I had a customer tell me they wanted AT&T and Verizon to be their Key Accounts, yet the company was relatively small and had little to no current business with either. Does that make them key accounts?
We have talked about the idea that just because I say the customer is a key account doesn't mean they are or even should be a key account.
Let's breakdown Key Account Management into its simplest form: the management of a customer relationship that is most important to the business. Important in this case can be defined as profit, revenue, potential or even strategic. I think the word strategic gets abused sometimes; it's the default answer when we can't say the customer provides any of the first three.
I've heard the term key account over the past couple of weeks from clients and I asked, so why do you consider that customer a key account. The answer is always, "they're a big customer of ours", which is great, and you don't want to lose a big customer. The next question was - do they know they're a key account of yours? The answer is typically "no".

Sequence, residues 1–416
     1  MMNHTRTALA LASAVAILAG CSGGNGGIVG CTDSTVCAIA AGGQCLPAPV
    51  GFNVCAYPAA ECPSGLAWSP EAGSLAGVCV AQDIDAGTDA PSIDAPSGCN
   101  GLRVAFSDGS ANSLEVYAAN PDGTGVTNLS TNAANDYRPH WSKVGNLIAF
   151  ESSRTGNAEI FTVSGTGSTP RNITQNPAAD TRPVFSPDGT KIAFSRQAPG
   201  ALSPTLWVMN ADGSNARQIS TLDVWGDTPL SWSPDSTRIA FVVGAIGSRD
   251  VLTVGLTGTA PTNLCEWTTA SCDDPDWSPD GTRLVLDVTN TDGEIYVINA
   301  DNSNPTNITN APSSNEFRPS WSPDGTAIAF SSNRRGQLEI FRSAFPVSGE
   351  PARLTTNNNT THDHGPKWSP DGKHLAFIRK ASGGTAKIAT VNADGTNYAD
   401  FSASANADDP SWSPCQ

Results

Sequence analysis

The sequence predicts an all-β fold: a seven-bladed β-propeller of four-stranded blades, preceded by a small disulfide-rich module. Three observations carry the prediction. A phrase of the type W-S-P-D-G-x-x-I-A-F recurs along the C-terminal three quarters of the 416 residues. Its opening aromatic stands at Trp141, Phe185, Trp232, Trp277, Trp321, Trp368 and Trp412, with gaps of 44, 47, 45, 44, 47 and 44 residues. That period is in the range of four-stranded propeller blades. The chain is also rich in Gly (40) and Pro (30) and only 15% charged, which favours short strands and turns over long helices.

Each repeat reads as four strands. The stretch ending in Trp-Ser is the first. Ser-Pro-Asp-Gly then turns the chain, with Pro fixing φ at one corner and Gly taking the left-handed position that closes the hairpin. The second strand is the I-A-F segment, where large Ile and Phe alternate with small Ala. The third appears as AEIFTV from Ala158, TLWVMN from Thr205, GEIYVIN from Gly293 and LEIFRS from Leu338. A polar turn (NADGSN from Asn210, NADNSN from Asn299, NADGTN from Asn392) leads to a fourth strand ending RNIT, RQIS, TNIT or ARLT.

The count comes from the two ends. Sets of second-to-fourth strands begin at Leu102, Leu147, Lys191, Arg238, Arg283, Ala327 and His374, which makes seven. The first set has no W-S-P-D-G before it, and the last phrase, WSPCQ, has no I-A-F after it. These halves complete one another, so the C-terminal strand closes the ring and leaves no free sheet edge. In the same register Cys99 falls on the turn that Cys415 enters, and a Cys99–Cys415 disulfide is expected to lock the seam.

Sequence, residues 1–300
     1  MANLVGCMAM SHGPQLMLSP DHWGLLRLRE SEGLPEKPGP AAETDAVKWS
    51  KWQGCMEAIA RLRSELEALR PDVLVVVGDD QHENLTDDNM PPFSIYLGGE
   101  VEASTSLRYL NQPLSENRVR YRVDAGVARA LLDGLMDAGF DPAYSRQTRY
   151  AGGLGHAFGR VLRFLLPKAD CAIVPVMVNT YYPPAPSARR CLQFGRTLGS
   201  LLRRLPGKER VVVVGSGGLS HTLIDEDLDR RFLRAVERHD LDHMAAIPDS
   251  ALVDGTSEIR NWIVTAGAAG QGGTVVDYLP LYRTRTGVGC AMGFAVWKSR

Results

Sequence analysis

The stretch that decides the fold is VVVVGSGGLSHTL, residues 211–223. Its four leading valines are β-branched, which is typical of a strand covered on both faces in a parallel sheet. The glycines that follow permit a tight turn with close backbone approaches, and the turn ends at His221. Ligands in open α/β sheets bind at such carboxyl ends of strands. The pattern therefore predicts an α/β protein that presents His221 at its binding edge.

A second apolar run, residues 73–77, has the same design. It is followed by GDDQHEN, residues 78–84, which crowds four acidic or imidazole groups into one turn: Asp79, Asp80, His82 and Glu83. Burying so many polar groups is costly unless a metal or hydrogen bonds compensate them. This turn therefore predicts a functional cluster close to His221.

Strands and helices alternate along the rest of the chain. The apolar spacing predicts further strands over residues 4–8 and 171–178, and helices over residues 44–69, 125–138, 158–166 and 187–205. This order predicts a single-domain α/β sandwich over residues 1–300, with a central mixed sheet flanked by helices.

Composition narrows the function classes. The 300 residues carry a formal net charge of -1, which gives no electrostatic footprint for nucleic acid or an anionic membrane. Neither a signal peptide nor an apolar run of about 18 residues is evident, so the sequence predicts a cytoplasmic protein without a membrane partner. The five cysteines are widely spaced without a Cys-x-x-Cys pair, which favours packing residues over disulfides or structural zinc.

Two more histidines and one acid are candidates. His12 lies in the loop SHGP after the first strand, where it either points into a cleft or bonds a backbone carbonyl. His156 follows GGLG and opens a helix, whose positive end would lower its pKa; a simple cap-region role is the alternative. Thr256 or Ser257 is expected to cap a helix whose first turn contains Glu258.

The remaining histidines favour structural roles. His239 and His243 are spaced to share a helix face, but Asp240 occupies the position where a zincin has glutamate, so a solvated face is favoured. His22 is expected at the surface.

The mistake most companies make is they don't talk to the customer about the value provided if they "opt" in to a Key Account Program. A best practice by those leveraging world class Key Account Programs is a contract between the service provider and the customer defining what each party is responsible for doing within the partnership. The supplier would also be considered a Key Supplier of the company and be provided access as if employed by the company.
What is expected by the customer ranges from access to technical resources, early copies of latest software or hardware solutions, security of supply and even exclusive rights to specific tools/applications. The customer in return may gain access to a new product development lab, first right of refusal on channel sales opportunities, or even exclusive supplier arrangements.
Take away: Analyze your account portfolio, utilize the key account selection criteria, develop a list of value added services for your Key Accounts, draft an "Opt" in agreement and schedule a meeting to discuss it with your customer.
Thanks to John Staples / Sales Benchmark Index
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